The NY Times obtained and published privileged documents of a party (Project Veritas) who was litigating against the NY Times. The Judge Ordered the NY Times to return and not to use the privileged documents, and to expunge the documents from its systems.
This was supposed to be a quiet evening. I’m covering the website so the rest of the team can enjoy Christmas Eve and Day. Fortunately, they did bank some posts for me.
But there is no rest for the weary. There is breaking Christmas Eve news in the defamation lawsuit by James O’Keefe’s Project Veritas against the NY Times.
As we previously reported, the NY Times obtained and published attorney-client communications between PV and its legal counsel. It is not known how The Times obtained the documents, with speculation that the FBI leaked information after the FBI raided James O’Keefe’s home and seized his and other PV employee phones and electronic devices.
Regardless of sourcing, the NY Times obtained and published privileged documents of a party who was litigating against the NY Times.
PV moved in court for relief, and late today the Court granted sweeping relief. (h/t Right Scoop)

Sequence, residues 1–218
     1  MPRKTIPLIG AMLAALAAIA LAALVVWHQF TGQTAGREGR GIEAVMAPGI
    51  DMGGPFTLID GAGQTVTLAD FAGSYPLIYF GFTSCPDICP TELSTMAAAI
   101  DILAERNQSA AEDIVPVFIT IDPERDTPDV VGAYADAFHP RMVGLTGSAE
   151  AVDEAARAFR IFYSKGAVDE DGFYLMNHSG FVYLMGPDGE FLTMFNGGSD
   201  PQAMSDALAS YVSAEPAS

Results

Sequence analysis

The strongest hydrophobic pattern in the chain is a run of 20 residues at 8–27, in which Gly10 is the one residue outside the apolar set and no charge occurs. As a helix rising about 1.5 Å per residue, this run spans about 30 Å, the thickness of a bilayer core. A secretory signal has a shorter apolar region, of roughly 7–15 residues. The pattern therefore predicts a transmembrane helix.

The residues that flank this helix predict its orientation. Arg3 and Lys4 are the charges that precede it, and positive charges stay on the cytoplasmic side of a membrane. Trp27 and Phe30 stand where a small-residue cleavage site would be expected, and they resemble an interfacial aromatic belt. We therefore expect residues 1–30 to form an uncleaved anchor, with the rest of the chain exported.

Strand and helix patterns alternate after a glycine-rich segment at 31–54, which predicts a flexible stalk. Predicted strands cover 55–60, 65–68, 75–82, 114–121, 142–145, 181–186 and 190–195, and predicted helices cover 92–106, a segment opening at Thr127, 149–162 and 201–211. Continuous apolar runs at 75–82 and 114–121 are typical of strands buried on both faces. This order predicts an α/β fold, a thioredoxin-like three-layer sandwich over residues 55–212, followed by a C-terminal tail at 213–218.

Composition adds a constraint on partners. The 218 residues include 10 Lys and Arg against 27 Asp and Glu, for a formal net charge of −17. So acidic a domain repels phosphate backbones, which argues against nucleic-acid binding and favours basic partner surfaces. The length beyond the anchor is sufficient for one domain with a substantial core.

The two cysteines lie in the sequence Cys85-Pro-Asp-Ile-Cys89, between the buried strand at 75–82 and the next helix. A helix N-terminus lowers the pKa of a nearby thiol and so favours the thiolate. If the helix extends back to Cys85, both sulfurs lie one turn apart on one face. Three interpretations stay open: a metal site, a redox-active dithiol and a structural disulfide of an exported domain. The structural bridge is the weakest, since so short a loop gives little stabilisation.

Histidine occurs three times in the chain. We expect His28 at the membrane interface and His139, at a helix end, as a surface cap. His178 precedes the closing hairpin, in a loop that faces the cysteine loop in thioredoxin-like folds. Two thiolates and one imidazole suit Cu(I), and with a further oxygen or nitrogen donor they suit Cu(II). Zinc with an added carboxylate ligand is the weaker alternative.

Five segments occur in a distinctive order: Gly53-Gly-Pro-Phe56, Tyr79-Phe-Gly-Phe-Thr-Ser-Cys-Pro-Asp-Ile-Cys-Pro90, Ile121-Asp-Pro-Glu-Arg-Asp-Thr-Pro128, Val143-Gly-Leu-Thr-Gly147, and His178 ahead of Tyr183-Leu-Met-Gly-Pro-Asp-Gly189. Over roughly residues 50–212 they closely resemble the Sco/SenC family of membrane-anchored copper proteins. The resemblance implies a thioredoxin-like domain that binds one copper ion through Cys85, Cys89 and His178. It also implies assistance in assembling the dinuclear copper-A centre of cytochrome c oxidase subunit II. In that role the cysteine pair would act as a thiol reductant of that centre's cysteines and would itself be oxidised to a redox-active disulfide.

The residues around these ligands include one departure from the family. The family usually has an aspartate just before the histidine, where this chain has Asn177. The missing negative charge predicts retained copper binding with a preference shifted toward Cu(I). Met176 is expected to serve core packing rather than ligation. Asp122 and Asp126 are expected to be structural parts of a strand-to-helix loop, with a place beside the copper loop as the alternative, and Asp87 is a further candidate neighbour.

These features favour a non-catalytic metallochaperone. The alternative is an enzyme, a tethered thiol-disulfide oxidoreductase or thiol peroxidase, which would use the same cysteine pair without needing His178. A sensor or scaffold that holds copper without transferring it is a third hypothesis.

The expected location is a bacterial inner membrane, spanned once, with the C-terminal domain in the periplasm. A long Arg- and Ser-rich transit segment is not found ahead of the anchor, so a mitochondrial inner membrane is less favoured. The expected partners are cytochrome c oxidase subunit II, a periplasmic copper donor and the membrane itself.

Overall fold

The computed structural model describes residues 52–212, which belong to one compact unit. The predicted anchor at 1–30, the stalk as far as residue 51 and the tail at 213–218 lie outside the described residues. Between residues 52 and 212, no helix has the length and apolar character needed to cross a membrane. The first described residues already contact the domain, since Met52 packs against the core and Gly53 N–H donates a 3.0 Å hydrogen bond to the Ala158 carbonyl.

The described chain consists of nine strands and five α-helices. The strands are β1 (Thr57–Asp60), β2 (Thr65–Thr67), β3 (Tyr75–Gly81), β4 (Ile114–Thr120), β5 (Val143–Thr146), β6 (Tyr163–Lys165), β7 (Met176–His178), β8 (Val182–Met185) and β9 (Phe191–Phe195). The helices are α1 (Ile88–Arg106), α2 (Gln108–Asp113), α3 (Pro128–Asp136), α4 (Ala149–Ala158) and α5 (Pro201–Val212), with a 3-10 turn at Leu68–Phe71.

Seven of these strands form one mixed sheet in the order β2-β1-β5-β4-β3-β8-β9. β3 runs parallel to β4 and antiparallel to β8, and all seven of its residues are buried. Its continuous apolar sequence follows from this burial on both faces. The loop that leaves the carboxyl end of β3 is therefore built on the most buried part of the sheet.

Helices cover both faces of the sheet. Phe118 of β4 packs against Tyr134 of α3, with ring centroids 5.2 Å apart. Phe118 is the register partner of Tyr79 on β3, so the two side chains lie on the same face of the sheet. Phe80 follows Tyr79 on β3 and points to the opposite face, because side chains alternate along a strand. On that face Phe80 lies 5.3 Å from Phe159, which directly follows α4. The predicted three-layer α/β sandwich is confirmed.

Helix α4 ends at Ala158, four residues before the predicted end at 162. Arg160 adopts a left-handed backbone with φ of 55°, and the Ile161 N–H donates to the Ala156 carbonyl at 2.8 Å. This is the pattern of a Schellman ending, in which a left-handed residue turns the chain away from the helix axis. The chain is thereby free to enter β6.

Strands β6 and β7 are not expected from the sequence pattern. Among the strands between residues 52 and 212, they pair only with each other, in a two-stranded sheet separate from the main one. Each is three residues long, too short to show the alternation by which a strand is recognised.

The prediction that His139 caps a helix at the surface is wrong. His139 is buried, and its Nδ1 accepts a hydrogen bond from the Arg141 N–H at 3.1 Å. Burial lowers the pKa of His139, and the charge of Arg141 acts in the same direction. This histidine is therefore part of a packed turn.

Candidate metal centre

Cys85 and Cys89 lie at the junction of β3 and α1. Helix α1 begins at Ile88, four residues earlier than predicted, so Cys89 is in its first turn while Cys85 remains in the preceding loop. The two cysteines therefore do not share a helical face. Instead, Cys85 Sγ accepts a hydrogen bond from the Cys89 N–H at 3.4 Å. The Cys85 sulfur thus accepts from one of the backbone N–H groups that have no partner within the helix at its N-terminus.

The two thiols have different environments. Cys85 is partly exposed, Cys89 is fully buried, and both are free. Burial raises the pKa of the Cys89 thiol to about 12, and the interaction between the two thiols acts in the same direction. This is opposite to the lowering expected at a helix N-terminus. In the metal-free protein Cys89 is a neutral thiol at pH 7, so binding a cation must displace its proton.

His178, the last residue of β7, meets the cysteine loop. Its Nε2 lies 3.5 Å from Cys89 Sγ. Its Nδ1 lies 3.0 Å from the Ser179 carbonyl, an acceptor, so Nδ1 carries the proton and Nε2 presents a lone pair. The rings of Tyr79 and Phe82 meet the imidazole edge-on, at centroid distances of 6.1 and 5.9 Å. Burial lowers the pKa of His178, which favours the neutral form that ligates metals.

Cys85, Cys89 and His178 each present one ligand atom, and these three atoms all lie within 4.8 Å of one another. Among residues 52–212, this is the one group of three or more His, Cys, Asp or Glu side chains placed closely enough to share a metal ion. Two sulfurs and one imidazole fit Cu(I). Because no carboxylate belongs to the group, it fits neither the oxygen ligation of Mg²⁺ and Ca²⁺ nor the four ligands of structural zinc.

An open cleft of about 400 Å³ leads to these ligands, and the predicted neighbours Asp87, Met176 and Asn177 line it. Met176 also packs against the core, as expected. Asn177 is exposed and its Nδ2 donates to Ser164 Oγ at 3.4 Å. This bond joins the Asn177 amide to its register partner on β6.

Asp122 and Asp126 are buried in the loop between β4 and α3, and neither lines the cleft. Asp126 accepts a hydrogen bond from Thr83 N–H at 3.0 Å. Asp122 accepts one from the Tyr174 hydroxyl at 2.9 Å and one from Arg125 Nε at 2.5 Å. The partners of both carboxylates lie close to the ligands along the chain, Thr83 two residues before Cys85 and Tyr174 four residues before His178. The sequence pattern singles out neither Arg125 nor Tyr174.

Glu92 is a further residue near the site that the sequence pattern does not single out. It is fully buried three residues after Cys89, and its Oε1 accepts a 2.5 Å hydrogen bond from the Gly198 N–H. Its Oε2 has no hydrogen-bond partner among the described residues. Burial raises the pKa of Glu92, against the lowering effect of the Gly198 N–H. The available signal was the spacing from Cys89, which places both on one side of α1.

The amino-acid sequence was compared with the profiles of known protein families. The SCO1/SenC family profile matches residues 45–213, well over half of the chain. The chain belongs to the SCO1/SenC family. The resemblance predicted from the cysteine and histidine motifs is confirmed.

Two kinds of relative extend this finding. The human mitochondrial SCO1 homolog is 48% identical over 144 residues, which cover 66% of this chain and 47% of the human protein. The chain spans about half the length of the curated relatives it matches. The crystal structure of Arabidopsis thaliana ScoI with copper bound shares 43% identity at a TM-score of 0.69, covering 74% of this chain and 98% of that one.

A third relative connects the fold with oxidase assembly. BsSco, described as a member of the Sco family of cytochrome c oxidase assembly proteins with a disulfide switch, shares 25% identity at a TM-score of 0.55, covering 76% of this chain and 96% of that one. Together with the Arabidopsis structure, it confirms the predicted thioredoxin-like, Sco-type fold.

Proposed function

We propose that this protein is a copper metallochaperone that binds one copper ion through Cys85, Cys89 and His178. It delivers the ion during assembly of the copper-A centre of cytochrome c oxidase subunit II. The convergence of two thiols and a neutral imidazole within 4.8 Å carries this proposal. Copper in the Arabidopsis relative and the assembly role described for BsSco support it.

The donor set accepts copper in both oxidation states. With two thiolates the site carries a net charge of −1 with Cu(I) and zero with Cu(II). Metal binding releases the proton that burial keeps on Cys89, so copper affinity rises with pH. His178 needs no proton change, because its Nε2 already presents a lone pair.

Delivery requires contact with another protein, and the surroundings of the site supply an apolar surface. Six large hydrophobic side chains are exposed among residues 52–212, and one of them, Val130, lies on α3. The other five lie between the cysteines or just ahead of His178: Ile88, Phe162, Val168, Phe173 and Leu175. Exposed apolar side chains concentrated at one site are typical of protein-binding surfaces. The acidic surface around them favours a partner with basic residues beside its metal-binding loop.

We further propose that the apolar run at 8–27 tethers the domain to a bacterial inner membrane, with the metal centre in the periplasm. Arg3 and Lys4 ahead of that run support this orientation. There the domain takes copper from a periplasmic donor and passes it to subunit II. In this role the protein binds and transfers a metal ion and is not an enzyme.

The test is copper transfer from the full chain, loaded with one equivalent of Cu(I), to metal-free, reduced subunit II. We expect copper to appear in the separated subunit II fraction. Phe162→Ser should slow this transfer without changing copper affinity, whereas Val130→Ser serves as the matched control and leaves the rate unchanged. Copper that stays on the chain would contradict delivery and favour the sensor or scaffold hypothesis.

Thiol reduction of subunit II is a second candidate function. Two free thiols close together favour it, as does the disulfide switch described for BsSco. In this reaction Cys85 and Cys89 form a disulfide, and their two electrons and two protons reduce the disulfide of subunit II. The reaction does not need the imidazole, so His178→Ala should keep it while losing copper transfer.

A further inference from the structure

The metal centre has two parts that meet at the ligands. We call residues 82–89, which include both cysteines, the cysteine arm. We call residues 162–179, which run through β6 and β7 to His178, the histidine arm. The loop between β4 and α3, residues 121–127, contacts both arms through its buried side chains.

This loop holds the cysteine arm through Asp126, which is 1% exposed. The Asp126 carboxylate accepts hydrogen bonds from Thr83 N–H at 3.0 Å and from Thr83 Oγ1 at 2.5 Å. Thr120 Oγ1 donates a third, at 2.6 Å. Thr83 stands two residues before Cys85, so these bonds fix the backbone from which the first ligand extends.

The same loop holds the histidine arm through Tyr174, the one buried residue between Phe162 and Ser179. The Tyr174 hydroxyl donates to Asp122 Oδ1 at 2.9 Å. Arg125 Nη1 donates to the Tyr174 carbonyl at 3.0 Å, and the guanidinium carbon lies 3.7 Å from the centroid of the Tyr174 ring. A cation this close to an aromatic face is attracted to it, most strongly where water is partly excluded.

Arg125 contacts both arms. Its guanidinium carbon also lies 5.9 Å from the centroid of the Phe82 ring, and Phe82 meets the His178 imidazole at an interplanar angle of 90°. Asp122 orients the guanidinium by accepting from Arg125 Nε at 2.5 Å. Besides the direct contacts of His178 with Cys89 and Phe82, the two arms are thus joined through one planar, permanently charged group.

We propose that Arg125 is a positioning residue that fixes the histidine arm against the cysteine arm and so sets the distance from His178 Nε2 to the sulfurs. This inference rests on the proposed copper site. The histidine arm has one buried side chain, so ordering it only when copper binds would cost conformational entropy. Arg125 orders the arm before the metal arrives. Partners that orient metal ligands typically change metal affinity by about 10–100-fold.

New York State Courts Electronic Filing (“NYSCEF”) document numbers 170-195 were read in connection w ith the instant motion brought by order to show cause by Project Veritas (Seq. No. 8) pursuant to CPLR 3103, against the defendants, seeking an order directing the defendant The New York Times Company (“the Times”): (1) to remove all references to or descriptions of Project Veritas’ attorney-client privileged information published on the Times’ website on November 11. 2021; (2) to return or immediately destroy all copies of Project Veritas’ attorneyclient privileged materials in the Times’ possession; (3) to refrain from further publishing Veritas’ attorney-client privil eged materials; (4) to order the Times to cease further efforts to solicit and acquire Veritas’ attorney-client privileged materials; and (5) for an interim order directing the Times to sequester and refrain from further publishing any of Project Veritas’ attorney-client privileged materials….
Project Veritas brought an order to show cause for the instant motion on November 18, 2021, which this cou11 signed and entered, granting a temporary restraining order that directed the Times and its counsel to: (i) immediately refrain from further disseminating or publishing any of Project Veritas’ privileged materials in the possession of the Times; (ii) cease further efforts to solicit or acquire Project Veritas’ attorney-client privileged materials; and (ii i) schedule argument on an expedited basis for November 23, 2021. On November I 9, 2021, the Second Department denied a motion by the Times pursuant to CPLR 5704 that sought to vacate the Temporary Restraining Order issued by thi s court….
On December 14, 2021, at the written request of counsel to the Times, the court amended the order to show cause to clarify that the order does not prohibit the Times from various activities related to newsgathering and reporting of Project Veritas’ attorney-client privileged documents.
Then the court turned to the specific incident: